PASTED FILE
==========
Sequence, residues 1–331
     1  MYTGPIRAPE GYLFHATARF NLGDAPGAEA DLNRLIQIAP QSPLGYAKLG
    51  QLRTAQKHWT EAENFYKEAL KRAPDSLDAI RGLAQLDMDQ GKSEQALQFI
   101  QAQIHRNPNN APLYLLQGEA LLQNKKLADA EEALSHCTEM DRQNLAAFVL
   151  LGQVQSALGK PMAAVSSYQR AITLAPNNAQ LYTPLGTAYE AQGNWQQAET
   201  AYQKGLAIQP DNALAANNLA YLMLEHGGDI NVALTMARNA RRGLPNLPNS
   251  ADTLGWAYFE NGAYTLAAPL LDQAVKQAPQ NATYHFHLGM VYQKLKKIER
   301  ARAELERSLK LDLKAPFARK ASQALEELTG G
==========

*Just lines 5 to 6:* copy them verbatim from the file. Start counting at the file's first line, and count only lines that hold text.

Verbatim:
   151  LGQVQSALGK PMAAVSSYQR AITLAPNNAQ LYTPLGTAYE AQGNWQQAET
   201  AYQKGLAIQP DNALAANNLA YLMLEHGGDI NVALTMARNA RRGLPNLPNS